Researchers are studying how a medication used for treating drug and alcohol abuse may also be used to treat gambling addiction. The testing is underway at University Hospitals in Iowa City and at the University of Nebraska Medical Center in Omaha. Study co-director Dr. Dennis McNeilly (mik-NEE-lee) says pathological gambling is a major problem in the United States.
Dr. McNeilly says: "If we can help people deal with their thinking that’s repetitive or their cravings that they have for gambling through a medication, then we can get them to a point where they can begin to look at, ‘Gee, how has this affected by life and maybe I need to make different kinds of decisions.’"
McNeilly says the drug, known as Campral (KAM-prahl), may not be a cure-all for gambling addiction and he says counseling is still a good idea as a supplement. He says the 12-step program and other cognitive behavioral therapies can be very effective in helping people overcome their addictions.
He says compulsive gamblers receive the same euphoria and excitement that alcoholics get from a drink. Campral is known to block the receptors in the brain that give a pleasurable response to alcohol consumption and diminish the desire to drink. McNeilly is hoping the drug will have the same effect for pathological gamblers. He says gambling can be just as addictive as alcohol. McNeilly says, "It might be compared to, if a person is depressed and they haven’t been sleeping and can’t focus on things, if we can give them a medication that helps them with their depression so they’re sleeping better, they’re focusing better, then they’re in a situation where they can start to make other decisions and say, ‘Well, gee, maybe I’m depressed because of this, or too much stress or whatever.’"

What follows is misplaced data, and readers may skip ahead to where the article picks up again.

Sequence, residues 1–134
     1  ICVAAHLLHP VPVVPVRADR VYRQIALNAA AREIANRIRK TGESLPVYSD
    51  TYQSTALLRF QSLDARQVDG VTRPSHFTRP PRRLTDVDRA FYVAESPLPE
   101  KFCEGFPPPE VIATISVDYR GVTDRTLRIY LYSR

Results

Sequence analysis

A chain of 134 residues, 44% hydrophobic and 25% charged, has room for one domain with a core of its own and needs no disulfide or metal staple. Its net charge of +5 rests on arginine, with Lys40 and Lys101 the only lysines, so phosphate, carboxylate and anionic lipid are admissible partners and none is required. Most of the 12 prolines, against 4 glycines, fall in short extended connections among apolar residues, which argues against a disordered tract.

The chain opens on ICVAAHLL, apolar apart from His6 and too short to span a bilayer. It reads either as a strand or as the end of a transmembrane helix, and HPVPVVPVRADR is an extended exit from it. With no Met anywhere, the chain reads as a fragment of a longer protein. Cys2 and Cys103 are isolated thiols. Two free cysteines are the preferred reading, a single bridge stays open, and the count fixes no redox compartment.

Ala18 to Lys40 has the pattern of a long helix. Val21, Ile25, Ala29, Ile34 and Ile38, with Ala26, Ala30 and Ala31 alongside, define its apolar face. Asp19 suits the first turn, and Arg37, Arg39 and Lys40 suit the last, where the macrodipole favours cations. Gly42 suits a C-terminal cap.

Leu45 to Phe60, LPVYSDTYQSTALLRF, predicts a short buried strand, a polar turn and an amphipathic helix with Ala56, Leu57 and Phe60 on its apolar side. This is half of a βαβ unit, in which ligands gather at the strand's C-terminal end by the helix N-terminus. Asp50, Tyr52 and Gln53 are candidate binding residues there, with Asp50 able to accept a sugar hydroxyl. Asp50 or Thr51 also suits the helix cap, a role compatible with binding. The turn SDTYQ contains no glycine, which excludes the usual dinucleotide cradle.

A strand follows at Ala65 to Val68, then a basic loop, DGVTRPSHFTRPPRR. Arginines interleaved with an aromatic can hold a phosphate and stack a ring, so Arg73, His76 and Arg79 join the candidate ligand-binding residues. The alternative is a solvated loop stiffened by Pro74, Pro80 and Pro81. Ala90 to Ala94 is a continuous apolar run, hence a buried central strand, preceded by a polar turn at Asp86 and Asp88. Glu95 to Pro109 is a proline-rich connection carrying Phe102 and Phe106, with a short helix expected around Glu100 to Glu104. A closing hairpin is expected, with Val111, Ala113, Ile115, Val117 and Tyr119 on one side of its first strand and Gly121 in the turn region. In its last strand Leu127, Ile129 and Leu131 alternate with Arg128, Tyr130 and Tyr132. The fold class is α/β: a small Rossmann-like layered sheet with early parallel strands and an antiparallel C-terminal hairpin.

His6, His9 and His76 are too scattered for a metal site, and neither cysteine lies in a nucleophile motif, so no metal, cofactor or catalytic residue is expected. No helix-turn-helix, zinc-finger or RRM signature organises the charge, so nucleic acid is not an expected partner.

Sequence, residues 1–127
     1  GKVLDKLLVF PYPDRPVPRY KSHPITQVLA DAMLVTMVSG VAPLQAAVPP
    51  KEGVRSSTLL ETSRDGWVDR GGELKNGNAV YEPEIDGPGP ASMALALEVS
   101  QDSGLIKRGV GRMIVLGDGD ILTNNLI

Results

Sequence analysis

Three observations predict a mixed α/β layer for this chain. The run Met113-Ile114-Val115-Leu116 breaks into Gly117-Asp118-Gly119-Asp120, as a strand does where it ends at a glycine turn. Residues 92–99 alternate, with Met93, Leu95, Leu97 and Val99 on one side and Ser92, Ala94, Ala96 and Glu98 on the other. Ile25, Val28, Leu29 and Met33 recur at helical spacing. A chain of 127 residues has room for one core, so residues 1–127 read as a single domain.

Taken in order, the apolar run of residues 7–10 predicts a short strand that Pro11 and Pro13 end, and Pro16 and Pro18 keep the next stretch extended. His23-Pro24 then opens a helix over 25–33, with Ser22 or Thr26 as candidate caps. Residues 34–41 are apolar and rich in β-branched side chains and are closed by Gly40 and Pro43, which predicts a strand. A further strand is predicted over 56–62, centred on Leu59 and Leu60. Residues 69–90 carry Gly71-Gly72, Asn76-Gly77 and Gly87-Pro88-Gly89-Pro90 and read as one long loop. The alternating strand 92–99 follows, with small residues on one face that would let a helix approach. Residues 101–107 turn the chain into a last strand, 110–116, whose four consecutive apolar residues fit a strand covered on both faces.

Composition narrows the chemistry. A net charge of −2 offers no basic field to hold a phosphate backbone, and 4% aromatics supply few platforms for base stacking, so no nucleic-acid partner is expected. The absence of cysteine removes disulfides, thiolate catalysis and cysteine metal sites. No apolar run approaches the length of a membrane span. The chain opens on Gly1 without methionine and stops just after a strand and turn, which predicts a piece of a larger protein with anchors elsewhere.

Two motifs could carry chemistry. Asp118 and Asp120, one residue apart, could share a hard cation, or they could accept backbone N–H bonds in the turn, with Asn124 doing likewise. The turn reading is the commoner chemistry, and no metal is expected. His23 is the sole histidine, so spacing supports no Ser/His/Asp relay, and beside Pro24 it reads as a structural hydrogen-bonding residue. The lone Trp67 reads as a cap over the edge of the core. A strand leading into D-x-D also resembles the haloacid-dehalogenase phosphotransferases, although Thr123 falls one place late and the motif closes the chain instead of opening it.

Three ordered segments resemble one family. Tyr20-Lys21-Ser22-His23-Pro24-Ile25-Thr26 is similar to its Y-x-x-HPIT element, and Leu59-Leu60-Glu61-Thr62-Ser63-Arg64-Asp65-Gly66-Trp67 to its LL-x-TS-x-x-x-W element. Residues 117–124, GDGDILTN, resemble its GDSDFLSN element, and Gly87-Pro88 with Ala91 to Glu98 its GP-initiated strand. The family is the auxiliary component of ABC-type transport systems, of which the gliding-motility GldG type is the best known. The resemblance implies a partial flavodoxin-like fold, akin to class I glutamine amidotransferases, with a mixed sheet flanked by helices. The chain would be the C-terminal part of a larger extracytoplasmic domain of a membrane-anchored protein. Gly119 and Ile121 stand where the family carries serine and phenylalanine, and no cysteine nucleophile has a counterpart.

McNeilly, who’s heading up the research at the Omaha location, is president of the National Council on Problem Gambling.
Volunteers are needed for continued study of the drug, both in Iowa City and in the Omaha/Council Bluffs area. For more information, call (402) 552-6005.